The thyroid is a small gland located at the base of the neck, in the front. The thyroid controls many functions of the organism through the production of thyroid hormones: thyroxine (T4) and triiodiothyronine (T3). The production of thyroid hormones is, in turn, controlled by the thyroid stimulating hormone (TSH) secreted by the pituitary gland, a gland located inside the skull. Thyroid hormones regulate important body functions, including breathing, heart rate, body temperature, central nervous system development and body growth.
Goiter refers to an increase in the volume of the thyroid gland. The size of a goiter can vary from person to person. In most cases, the goiter is small and does not cause any symptoms, but if the thyroid volume increases significantly, breathing and swallowing disturbances may occur.
There are two main types of goiter:
- diffuse goiter: The entire thyroid is enlarged and its surface is smooth to palpation
- nodular goiter: solid or fluid-filled nodules develop inside the thyroid, making the surface uneven on palpation
Not all types of goiter cause ailments (symptoms). Initially, therefore, it can be difficult to notice that you have it. The main symptom of goiter is a visible swelling at the base of the neck, which can be seen in the mirror when shaving or putting on make-up. The swelling also moves up and down when you swallow.
Other symptoms may be: coughing, a tight throat feeling, and changes in the voice, such as hoarseness.
Less commonly, you may also have difficulty swallowing and breathing.
The main causes of the appearance of goiter can be:
- low iodine diet: iodine is mainly present in milk and fish and its adequate consumption guarantees the correct function of the thyroid gland. If iodine is not taken in sufficient quantities, the thyroid becomes underactive and increases in size to produce more thyroid hormones
- underactive thyroid (hypothyroidism): in the event that it does not produce enough hormones, the thyroid tries to compensate by increasing its volume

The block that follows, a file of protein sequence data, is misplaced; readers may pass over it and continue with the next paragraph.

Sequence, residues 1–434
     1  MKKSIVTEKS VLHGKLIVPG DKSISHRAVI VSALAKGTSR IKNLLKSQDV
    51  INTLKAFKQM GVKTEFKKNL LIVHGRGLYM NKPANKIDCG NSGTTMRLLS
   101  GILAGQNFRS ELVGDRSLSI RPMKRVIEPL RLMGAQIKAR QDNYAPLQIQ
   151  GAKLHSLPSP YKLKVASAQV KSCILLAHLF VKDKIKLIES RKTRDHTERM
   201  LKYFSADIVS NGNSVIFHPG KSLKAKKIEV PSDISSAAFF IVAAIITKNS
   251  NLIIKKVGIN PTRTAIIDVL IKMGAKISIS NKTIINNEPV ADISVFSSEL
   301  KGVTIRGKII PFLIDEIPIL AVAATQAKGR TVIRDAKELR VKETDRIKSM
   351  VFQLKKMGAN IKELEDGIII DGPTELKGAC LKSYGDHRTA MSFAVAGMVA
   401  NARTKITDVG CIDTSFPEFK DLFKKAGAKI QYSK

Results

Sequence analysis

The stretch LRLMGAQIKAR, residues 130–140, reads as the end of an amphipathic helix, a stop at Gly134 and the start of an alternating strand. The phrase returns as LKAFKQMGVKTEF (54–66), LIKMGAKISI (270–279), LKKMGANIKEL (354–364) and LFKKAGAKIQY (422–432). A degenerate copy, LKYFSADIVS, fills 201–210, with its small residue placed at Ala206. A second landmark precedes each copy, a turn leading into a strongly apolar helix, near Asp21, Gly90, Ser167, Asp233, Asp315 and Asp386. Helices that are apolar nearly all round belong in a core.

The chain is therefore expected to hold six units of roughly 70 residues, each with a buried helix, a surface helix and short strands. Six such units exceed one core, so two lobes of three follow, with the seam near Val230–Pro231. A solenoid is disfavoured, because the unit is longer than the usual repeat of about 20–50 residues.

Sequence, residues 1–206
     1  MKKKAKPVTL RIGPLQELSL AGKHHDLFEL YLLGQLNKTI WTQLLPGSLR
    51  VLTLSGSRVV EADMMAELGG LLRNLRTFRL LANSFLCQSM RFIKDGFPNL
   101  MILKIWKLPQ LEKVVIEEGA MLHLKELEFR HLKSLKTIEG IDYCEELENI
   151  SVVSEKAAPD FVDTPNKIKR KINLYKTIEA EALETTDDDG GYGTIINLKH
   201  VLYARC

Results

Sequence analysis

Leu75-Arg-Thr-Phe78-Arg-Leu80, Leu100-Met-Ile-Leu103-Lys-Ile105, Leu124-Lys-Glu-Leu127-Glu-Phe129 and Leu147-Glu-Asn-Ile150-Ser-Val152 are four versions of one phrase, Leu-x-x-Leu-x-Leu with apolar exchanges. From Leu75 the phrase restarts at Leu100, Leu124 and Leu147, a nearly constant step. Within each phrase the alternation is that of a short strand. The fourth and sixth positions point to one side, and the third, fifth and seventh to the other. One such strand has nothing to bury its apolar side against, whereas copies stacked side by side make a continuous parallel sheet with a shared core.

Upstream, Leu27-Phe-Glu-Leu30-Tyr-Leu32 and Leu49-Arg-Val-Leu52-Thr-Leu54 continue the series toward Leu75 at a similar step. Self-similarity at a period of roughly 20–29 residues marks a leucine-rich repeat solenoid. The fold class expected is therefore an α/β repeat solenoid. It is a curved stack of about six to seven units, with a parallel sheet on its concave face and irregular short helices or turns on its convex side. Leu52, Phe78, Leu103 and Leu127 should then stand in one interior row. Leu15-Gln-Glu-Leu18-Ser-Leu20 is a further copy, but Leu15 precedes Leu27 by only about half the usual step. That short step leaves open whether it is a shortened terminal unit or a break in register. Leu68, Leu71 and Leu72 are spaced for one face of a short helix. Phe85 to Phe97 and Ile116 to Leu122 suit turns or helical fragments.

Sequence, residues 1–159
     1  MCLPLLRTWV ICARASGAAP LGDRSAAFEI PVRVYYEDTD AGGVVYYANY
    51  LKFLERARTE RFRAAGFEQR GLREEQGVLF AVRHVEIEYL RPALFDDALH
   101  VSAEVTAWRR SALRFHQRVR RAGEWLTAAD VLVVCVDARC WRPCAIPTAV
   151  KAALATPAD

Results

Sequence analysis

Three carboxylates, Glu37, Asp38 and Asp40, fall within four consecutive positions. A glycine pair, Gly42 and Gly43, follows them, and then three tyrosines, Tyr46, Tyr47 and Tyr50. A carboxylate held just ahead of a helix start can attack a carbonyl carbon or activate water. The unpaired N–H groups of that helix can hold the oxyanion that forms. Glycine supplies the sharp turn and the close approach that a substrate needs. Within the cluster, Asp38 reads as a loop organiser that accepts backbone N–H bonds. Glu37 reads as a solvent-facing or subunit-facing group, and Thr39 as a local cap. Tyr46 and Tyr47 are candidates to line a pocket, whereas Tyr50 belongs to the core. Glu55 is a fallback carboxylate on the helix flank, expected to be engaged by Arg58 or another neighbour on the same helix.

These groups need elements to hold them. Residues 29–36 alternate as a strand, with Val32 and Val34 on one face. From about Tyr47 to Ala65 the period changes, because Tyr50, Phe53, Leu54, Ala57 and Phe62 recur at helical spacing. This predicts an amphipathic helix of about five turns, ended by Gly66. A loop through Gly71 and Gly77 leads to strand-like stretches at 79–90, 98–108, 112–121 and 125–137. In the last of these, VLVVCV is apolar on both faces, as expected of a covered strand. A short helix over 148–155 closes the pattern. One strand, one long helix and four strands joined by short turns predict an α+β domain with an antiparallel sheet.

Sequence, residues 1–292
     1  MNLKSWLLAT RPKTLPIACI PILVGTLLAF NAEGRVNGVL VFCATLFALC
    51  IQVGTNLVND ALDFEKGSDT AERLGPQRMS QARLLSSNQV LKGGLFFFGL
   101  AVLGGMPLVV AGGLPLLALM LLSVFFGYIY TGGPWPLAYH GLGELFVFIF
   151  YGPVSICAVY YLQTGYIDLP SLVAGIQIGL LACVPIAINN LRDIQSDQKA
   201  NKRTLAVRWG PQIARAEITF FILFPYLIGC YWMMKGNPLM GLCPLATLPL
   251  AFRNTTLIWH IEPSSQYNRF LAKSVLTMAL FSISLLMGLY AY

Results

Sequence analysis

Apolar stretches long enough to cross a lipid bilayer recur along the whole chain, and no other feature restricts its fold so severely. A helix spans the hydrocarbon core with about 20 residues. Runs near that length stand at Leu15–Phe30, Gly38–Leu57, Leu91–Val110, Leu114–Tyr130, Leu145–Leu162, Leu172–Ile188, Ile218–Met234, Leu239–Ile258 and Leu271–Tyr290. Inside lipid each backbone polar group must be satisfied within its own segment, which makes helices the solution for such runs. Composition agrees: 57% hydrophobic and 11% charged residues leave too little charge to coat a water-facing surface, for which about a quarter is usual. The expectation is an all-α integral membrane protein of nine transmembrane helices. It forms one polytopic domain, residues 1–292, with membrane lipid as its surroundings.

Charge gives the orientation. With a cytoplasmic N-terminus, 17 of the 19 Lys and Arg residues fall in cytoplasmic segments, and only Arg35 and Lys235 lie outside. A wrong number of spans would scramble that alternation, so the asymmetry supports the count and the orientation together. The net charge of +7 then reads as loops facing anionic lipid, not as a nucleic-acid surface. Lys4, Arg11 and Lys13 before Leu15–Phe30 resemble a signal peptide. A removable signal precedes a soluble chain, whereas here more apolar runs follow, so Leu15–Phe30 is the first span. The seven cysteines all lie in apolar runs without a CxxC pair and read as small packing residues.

- overactive thyroid (hyperthyroidism): an increased production of thyroid hormones corresponds to an increase in the volume of the gland
- pregnancy and menopauseChanges in hormone levels that occur during pregnancy and menopause can affect thyroid function
- thyroiditis: processes of inflammation that develop in the thyroid gland
- nodules: single or multiple, within the thyroid
- thyroid tumors
Goiter can affect anyone but is more common in women and people over the age of 40.
Other risk factors can be:
- smoke: tobacco contains a chemical, called thiocyanate, which can interfere with the body's ability to use iodine. People who smoke and eat a low-iodine diet are therefore particularly at risk
- drugs such as immunosuppressants and lithium: lithium is often used to treat a variety of mental health conditions such as depression and bipolar disorder
- radiation exposure
When you notice a swelling of the neck it is good to go to the doctor who, by palpating the area, can detect the presence of the goiter. After the visit, further tests are done to make the diagnosis, which may include:
- blood tests, to determine the amount of hormones produced by the thyroid gland and ascertain any abnormal production of specific antibodies
- ultrasound, to measure the size of the thyroid and check for the presence of nodules
- scintigraphy, to check the structure and function of the thyroid using a small amount of radioactive (iodine or technetium) that will accumulate in the thyroid. Radioactivity at the thyroid level will therefore allow us to study the function and size of the gland using a special machine
- fine needle aspiration, to determine the nature of the goiter cells. The fine needle aspiration is performed with a fine needle, usually under the guidance of an ultrasound scan, and consists in the removal of a small amount of tissue to be subjected to histological examination
The treatment of goiter depends on the disorders (symptoms) and the causes that have determined it.
A small goiter that does not cause problems usually does not need treatment.
If the goiter is caused by hypothyroidism, synthetic thyroid hormone T4 is given; if it is caused by hyperthyroidism, radioactive iodine, anti-thyroid drugs, beta-blockers are used.
If the goiter interferes with breathing or swallowing, surgery may be required to remove part or all of the thyroid (thyroidectomy).
Higher Institute of Health (ISS). National Congenital Hypothyroid Registry (RNIC)
Higher Institute of Health (ISS). National Observatory for the Monitoring of Iodoprophylaxis in Italy (OSNAMI)
Ministry of Health. Iodine and health